Google’s Aramco deal risks irking staff over oil, Saudi politics

Google will start selling its cloud-computing services in Saudi Arabia through a deal with oil producer Aramco, a controversial move by the internet giant.

The partnership gives Alphabet’s Google regulatory clearance to set up what it calls a “cloud region” in the Kingdom, the companies said on Monday. Employees at Google have called on the company to abstain from work in the oil and gas industry, citing environmental concerns, and work with authoritarian regimes.

Still, Thomas Kurian, chief executive officer of Google’s cloud unit, has pushed to service the energy industry. It’s one of a handful of fields where Google is trying to chase Microsoft. and Inc. in the cloud-computing market.

“With this agreement, Google Cloud’s innovative technology and solutions will be available to global customers and enterprises in Saudi Arabia to enable them to better serve end consumers,” Kurian said in a statement on Monday. Aramco described the market for cloud services in the country as reaching $30 billion by 2030.

Google is partnering with Saudi Aramco Development Company, a division of the state-run Saudi Arabian Oil. Aramco announced it had signed a preliminary agreement with Google in 2018 prior to a highly-publicized Silicon Valley tour by Prince Mohammed bin Salman. On that trip, the crown prince visited Google and met with its top executives.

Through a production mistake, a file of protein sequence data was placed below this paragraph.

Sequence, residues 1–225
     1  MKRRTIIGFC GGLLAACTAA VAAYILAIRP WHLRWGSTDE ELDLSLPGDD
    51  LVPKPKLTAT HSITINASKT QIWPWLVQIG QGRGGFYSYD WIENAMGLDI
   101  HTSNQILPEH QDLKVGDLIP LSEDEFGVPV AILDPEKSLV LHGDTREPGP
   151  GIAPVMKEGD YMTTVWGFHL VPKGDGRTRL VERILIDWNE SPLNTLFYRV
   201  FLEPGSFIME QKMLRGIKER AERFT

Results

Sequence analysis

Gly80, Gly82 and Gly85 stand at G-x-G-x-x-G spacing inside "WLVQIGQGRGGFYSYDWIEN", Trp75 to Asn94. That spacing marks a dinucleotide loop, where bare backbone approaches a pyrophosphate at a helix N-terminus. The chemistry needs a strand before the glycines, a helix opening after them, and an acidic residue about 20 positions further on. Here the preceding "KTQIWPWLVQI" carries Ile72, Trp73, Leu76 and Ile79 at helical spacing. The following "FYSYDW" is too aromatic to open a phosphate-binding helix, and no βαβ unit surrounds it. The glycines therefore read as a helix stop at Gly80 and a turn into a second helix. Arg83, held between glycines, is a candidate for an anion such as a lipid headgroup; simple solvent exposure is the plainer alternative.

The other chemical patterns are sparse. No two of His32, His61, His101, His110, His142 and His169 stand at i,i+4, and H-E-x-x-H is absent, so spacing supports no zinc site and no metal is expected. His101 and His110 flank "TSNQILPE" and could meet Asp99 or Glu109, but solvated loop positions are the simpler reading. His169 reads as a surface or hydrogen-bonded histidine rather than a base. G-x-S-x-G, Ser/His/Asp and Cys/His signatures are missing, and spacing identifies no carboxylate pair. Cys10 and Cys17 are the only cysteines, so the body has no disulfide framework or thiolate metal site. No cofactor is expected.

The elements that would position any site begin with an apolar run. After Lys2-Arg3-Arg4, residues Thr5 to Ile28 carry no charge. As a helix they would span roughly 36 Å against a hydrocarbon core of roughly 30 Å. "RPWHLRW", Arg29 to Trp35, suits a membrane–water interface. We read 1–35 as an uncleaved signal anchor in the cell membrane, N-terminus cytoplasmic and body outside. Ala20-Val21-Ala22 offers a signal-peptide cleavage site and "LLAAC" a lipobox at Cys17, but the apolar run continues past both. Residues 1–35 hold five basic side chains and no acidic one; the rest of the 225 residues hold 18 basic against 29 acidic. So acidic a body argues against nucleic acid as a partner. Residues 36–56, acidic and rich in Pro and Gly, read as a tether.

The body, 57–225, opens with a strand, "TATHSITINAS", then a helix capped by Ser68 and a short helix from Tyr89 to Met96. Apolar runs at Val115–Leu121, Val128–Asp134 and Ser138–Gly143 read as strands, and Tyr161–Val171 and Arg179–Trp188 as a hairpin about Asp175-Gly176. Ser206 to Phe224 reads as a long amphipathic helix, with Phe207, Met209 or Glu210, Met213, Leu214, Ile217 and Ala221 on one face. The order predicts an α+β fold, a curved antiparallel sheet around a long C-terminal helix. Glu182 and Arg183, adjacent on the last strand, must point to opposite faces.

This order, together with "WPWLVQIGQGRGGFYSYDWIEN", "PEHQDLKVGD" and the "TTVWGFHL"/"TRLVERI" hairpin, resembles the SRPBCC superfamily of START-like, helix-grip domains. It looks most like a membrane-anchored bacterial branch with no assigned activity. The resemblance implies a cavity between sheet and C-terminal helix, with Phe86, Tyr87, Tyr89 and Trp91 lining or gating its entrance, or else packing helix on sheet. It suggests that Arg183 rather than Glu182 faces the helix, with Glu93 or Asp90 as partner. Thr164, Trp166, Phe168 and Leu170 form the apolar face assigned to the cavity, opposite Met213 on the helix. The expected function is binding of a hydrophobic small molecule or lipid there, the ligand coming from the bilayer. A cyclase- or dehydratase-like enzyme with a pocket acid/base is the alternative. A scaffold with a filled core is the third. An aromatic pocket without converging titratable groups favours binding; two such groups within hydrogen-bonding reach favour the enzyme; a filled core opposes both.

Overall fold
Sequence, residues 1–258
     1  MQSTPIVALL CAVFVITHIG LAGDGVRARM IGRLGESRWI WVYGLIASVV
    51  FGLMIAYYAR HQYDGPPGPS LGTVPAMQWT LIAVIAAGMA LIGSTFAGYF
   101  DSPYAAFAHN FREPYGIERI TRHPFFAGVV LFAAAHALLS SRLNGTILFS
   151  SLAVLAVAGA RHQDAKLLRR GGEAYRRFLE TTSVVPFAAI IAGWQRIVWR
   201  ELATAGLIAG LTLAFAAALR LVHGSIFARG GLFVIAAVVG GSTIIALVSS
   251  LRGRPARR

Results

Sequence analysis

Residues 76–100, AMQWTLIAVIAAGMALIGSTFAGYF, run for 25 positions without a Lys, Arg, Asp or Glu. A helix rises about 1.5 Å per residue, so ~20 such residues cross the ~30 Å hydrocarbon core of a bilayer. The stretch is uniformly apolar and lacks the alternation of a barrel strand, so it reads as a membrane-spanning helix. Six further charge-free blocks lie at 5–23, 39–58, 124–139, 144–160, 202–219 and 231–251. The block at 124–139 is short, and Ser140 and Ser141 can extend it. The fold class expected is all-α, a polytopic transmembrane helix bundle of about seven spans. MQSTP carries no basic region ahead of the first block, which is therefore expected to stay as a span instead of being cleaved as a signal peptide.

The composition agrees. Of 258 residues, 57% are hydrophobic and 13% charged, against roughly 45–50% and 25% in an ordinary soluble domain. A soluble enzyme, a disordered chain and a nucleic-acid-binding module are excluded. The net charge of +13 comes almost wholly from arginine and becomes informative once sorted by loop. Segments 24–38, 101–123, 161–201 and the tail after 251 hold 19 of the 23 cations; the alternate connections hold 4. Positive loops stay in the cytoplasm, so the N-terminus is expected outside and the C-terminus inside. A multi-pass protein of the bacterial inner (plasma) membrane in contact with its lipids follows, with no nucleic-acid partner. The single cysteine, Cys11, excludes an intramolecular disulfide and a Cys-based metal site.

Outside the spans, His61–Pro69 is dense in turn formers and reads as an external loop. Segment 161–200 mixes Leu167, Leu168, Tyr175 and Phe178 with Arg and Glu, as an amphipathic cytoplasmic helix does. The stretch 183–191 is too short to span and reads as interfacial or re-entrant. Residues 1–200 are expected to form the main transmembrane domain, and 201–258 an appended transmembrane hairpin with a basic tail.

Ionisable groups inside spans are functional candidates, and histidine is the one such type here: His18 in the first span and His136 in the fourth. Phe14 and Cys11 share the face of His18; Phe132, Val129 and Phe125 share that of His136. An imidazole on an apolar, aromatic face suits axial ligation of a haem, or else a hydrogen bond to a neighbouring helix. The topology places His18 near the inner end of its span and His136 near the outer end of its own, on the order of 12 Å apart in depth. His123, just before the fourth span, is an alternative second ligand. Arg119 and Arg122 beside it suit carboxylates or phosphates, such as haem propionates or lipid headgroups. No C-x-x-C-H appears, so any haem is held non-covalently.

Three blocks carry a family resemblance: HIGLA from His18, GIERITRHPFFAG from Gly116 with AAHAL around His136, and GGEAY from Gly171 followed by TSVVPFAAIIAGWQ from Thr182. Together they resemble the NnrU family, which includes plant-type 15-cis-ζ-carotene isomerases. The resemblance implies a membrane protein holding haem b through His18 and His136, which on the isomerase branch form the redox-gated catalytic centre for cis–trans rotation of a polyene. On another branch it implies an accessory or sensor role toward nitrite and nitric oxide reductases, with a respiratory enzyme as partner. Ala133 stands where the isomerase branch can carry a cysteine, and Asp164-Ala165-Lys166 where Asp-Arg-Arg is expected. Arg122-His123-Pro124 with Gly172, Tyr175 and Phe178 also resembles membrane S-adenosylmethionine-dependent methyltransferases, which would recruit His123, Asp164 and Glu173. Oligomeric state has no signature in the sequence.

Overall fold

Months later, the murder of Jamal Khashoggi, a columnist and prominent Saudi critic, prompted widespread international condemnation. Many businesses pulled out of a Saudi financial conference and some questioned investment in the Kingdom over human rights concerns. The CIA looked into claims that the crown prince ordered the murder, straining relations between Saudi Arabia and the U.S.

Later that year, Google released a set of public principles for its technology and artificial intelligence after staff protests over its work. That included a prohibition on AI systems “whose purpose contravenes widely accepted principles of international law and human rights.” A Google spokeswoman didn’t immediately comment on the new Aramco partnership.

Jack Poulson, a former Google researcher who runs non-profit group Tech Inquiry, said he’s concerned Google cloud services in Saudi Arabia may be used to surveil citizens and dampen freedom of expression. “It’s irresponsible of Google to do this without some clarification of its scope,” he added.

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